“Why is ‘Reader, I married him’ one of the most famous lines in literature? Why do we remember it and quote it so much?” asks editor Tracy Chevalier in the foreword to a new collection of short stories inspired by this very line. And of course, she is right to ask. It is a very famous line, and one that continues to resonate with new generations.
Chevalier approached 21 women writers and asked them to produce a short story with this line as their take-off point, and it’s fascinating to see what a diverse collection of writers have done with it. She imagines it as a stone thrown into a pool and the resulting stories as the ripples, some closer to the source and others mere echoes. This analogy really works, as some stories are very close to the material–such as the one written from Grace Poole’s point of view, or Mr Rochester’s–while others riff on the ideas of love and marriage, but otherwise have nothing to connect them.
The level of writing is high; these are famous authors such as Tessa Hadley, Audrey Niffenegger and Lionel Shriver, to name a few, as well as of course Chevalier herself. It’s a very interesting story collection, and I loved seeing what different people did with the theme of love and marriage.
One story, titled “Reader I Married Him,” reimagines the real-life narrative of Edward and Mrs. Simpson, Wallis, the divorced American woman for whom Edward VII abdicated the throne of England. Another meditated on Jane Eyre‘s most famous line and imagined a lesbian relationship, setting her tale in a boarding house in Germany in the 1870s, drawing upon correspondence and diaries of the time period and modeling her characters after actual people. In “A Migrating Bird,” a young Dutchman studying in a small Turkish village attracts the attention and love of a young Turkish girl, who finds herself willing to go against family and culture.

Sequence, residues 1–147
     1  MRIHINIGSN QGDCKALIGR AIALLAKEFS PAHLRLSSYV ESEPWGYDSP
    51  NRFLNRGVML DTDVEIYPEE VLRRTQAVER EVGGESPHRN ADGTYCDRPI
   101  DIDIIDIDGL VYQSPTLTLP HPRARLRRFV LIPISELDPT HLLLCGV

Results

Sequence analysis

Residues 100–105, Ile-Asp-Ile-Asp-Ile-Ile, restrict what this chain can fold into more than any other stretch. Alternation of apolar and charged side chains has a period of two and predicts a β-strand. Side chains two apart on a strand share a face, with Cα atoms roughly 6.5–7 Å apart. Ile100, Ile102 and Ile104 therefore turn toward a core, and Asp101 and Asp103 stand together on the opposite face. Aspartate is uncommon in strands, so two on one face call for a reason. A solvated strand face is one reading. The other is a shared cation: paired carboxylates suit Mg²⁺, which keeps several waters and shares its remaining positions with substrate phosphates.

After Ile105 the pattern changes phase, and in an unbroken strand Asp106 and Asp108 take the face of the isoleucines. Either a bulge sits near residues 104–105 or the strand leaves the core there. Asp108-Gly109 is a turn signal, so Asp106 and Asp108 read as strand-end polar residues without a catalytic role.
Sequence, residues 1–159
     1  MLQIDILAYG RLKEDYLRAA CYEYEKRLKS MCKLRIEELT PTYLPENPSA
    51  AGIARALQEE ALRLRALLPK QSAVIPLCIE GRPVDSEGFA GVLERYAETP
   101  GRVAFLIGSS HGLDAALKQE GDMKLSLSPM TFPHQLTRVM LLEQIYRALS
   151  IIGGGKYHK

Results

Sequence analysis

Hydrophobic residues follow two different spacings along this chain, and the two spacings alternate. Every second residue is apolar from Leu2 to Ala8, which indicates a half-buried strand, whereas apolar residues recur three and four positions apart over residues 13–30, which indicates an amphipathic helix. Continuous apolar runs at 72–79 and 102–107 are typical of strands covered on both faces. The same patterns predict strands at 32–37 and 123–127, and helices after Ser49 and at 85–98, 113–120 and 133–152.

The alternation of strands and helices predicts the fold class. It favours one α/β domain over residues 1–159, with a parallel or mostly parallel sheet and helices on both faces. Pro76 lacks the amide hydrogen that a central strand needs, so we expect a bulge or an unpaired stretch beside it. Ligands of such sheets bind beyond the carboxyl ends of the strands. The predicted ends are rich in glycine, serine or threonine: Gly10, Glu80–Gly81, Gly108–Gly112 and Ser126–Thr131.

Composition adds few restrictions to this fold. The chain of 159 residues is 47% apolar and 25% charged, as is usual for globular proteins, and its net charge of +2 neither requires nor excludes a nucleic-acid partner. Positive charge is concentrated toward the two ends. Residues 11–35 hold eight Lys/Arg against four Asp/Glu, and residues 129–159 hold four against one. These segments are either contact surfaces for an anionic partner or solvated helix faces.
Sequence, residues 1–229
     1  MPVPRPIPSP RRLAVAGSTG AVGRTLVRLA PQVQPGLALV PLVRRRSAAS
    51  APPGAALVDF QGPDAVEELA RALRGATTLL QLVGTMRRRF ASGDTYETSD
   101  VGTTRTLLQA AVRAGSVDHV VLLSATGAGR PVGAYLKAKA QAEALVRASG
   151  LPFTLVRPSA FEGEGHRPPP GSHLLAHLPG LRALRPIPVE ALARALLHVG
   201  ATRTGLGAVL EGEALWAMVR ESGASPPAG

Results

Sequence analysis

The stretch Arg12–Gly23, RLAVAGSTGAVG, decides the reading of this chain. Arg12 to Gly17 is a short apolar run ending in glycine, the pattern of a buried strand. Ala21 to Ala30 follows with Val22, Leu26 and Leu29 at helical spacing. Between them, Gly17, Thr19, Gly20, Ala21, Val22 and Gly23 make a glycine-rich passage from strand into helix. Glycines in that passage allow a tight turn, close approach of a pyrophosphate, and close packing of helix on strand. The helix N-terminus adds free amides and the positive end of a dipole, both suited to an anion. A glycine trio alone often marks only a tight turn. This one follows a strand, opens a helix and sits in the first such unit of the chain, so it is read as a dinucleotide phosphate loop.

I enjoyed thinking about how each story reflected back to the theme. Sometimes it was easy; in “My Mother’s Wedding,” for example, a light-hearted look at an impromptu marriage carries notes of deeper emotions; in “The China from Buenos Aires,” an ethnically-Korean girl who grew up in Argentina and is now homesick and lonely as she tries to learn English in New York finds herself open to something familiar that she would have formerly rejected. In “Party Girl,” love is unexpected and beautiful, and again more familiar than might have been expected. In “Dorset Gap,” a young man follows a young woman on a muddy countryside hike; she’s reading Jane Eyre, has it with her in her backpack, and this story is kind of funny and leaves you wondering what might happen next.
The collection is a disparate collection of writings, and if you don’t like one story you’re sure to love another. In “The Mash-Up,” a secular Jew marries a secular Persian and the wedding is filled with love and culture until a shard of glass intervenes to ruin things. In “The Self-Seeding Sycamore,” a middle-aged widow’s feud with a neighbor turns into proof that love can grow in unlikely circumstances.
Reader I Married Him is an enjoyable read, with short stories offering the breathless hope of new love and others showing the despair when it dies. Its offerings span the human condition of youth and age, optimism and pessimism, literary allusions and literary ignorance, strait-laced and hippie-loose. They look at societal expectations and gender roles, and the ways in which we affirm and break them. It really has something for everyone.